"The present position of being a fiefdom, or principality or company town, or all three owned and operated by descendants of the original investor group must end as it is no longer tenable. Free enterprise as practiced by the families, especially in these last 20 years has failed us.

"Moving forward, I submit, we need to be a part of the Commonwealth of The Bahamas governed by our own properly elected politicians (for better or for worse) being the same form of government as applies to the rest of The Bahamas," Mr Gape continued.

"This regime change must be friendly, but it is inevitable. The families should receive a fair price for their assets and dynamic investors found to turn Freeport and Grand Bahama around and, as the Government has stated, this should be done decisively and in very short order."

Fred Mitchell, the PLP's chairman, yesterday said the party "reiterates its full support for the Prime Minister and his government’s proactive and decisive approach to addressing the myriad issues facing Freeport".

He added: "This is the country’s second largest population centre. It cannot and must not fail, and the Government remains committed to constructive engagement with all stakeholders on how we can work together to secure the right corporate partnership for the management of that city in addition to accessing new and fresh capital to facilitate the future growth and development of Freeport."

Accusing FNM leader, Michael Pintard, of "trying to have his cake and eat it too", Mr Mitchell added: "The problems in Freeport have nothing to do with the Prime Minister's statement. The problem is the Grand Bahama Port Authority's shareholders are unable or unwilling to carry out their responsibilities under the Hawksbill Creek Agreement.

"Mr Pintard should be familiar with that since he is now unable to use the bridge in Lucaya to get home to his house because, four years after Hurricane Dorian struck the island, the Port is unable or unwilling to repair the bridge. The bridge is but one example. The abandonment of the Grand Lucayan hotel, the abandonment of the Grand Bahama International Airport by the Grand Bahama Port Authority are others.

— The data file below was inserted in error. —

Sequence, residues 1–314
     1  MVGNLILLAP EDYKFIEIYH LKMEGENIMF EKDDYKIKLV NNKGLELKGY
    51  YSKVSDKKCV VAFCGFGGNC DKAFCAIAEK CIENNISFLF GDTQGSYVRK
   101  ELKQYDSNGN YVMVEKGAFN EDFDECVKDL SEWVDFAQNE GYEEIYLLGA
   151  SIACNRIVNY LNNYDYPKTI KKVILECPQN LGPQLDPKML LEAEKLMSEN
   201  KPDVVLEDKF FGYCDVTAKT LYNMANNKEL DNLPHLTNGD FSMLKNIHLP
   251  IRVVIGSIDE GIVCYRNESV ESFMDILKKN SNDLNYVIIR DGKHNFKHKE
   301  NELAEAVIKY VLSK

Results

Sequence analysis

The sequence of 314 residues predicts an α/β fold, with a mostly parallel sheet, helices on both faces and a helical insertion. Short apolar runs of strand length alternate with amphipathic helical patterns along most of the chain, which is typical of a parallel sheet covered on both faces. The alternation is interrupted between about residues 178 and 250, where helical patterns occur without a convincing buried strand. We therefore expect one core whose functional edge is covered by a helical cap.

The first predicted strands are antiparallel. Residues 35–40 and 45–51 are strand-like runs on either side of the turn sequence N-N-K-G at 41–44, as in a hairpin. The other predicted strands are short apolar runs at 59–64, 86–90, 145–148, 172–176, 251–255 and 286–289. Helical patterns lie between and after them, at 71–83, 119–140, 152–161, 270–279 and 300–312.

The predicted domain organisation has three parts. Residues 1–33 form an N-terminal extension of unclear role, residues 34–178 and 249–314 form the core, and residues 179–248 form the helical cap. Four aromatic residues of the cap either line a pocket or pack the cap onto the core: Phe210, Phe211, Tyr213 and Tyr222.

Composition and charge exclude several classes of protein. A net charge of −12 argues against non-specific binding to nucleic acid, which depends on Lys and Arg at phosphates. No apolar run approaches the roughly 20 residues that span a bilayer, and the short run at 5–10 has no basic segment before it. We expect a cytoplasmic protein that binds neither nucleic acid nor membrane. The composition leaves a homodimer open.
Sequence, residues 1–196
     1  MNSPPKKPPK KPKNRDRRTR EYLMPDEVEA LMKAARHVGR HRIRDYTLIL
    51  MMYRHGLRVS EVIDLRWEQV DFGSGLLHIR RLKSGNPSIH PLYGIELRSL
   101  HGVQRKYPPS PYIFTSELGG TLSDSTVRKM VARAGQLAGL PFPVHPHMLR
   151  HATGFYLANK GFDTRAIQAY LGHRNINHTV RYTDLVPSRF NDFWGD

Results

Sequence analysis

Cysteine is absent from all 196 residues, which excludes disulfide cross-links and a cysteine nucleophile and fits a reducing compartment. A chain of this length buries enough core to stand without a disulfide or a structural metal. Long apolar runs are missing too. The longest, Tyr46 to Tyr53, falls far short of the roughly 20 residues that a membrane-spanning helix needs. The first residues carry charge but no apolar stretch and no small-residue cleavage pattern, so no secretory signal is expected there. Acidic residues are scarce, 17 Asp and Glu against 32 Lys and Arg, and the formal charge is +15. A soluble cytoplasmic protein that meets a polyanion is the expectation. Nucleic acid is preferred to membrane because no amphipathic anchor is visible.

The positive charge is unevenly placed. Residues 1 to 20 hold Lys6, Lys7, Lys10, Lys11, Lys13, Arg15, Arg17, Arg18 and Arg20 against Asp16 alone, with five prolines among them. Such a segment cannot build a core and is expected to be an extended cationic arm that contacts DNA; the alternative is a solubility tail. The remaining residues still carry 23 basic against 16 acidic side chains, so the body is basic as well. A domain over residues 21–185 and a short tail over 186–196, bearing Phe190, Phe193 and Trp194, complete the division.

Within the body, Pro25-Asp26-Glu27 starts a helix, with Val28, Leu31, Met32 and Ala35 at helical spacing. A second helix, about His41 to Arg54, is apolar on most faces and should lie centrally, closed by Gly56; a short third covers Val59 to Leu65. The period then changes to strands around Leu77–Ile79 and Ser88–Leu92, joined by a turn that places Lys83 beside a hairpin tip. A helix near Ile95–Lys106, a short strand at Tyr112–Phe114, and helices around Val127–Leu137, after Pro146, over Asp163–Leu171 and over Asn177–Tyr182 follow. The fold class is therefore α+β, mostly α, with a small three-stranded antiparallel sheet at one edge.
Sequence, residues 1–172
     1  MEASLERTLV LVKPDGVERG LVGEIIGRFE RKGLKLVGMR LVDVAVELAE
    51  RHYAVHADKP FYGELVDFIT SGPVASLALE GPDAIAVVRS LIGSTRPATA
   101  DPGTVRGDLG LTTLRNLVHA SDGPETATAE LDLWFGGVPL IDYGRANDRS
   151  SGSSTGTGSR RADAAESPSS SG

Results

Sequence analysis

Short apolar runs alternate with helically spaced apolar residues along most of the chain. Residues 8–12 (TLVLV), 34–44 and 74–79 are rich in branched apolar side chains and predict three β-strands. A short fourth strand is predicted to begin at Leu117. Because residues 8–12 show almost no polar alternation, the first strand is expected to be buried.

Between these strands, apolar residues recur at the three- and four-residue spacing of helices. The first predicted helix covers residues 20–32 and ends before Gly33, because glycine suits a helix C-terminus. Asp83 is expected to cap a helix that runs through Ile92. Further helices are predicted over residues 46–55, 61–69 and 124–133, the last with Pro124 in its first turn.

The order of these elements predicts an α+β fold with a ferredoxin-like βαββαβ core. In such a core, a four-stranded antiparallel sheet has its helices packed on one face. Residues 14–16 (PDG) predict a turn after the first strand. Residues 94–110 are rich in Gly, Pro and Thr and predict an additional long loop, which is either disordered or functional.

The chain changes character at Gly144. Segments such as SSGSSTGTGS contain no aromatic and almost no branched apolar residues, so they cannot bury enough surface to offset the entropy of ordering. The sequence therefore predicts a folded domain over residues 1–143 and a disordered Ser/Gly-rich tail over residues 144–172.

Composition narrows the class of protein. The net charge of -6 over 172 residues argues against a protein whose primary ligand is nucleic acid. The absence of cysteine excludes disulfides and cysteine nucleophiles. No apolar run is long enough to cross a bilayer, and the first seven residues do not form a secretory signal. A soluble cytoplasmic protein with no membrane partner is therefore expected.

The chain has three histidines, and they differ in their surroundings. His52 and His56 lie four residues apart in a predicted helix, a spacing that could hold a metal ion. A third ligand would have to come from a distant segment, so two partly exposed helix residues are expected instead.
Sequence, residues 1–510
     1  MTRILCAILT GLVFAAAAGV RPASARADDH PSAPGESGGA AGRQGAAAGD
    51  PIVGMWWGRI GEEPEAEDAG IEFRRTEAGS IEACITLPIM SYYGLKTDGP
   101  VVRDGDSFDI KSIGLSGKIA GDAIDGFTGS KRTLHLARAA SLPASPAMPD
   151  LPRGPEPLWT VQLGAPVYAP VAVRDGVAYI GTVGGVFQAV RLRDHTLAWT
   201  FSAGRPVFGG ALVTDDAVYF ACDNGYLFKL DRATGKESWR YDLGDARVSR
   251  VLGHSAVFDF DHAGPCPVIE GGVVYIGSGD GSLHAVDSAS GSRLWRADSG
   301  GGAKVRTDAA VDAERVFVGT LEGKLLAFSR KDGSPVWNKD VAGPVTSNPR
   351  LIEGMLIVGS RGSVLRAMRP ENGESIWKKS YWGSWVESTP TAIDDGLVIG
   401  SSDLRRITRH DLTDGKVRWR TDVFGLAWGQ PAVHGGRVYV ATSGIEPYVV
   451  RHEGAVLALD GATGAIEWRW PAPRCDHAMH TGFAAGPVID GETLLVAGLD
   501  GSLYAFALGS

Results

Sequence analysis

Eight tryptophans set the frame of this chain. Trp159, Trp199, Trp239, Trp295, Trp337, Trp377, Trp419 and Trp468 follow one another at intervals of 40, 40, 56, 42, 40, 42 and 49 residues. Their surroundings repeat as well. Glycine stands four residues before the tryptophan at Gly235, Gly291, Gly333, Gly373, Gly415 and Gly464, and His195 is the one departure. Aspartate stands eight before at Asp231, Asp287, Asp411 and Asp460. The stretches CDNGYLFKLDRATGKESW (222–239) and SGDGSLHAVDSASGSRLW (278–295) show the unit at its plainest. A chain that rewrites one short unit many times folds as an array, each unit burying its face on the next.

"By his failure to articulate a cogent and coherent policy solution for Grand Bahama, albeit alternative, Mr Pintard has not demonstrated an appreciation for nor an understanding of the gravity of the economic and social challenges facing Bahamian families in Grand Bahama."


moncurcool 10 months, 2 weeks ago

The last thing Freeport needs is a government takeover.


TimesUp 10 months, 2 weeks ago

You may think we are at the bottom but if your garbage stops being picked up, your roads deteriorate to Nassau's standards, you get charged real property tax, you loose your tax free business concessions, you revert to Nassau's building code and title issues etc etc etc.

Let me ask, how has the GBPA prevented the government from bringing investors to Freeport all this time? Has the GBPA somehow prevented the government from selling the hotel? How will government takeover possibly help Freeport?


birdiestrachan 10 months, 2 weeks ago

I agree that the FNM government should have made Hutchinson and GBPA rebuild the airport , Hutchinson sang all the way they unloaded the Our Lucayan hotel and their responsibility for the airport , can anyone do worse ?.? Then those fellows on the house floor bragged how they paid one dollar for nothing no surprise , the FNM gave BTC to Jamaica they are calling BAHAMIANS from Jamaica ,


DiverBelow 10 months, 2 weeks ago

In the conversations on the future of Freeport, let's be transparent on the facts. Like what has Freeport paid to Nassau in past years when all they had was Atlantis as the premier attraction. It's always easy to conveniently forget when the Nassau economy has improved. Most other national governments would have placed heavy penalties on the actions (or inactions) of Hutchison/PortProperties for their lack of repair to the Airport & Hotel post Dorian. GBPA could not go against their Chinese partners/income source, nor can Nassau. Do you think Nassau is capable? British Colonial is still stagnant. Yes, you may be able to change govt participants every five years. But, can you change the mind-set?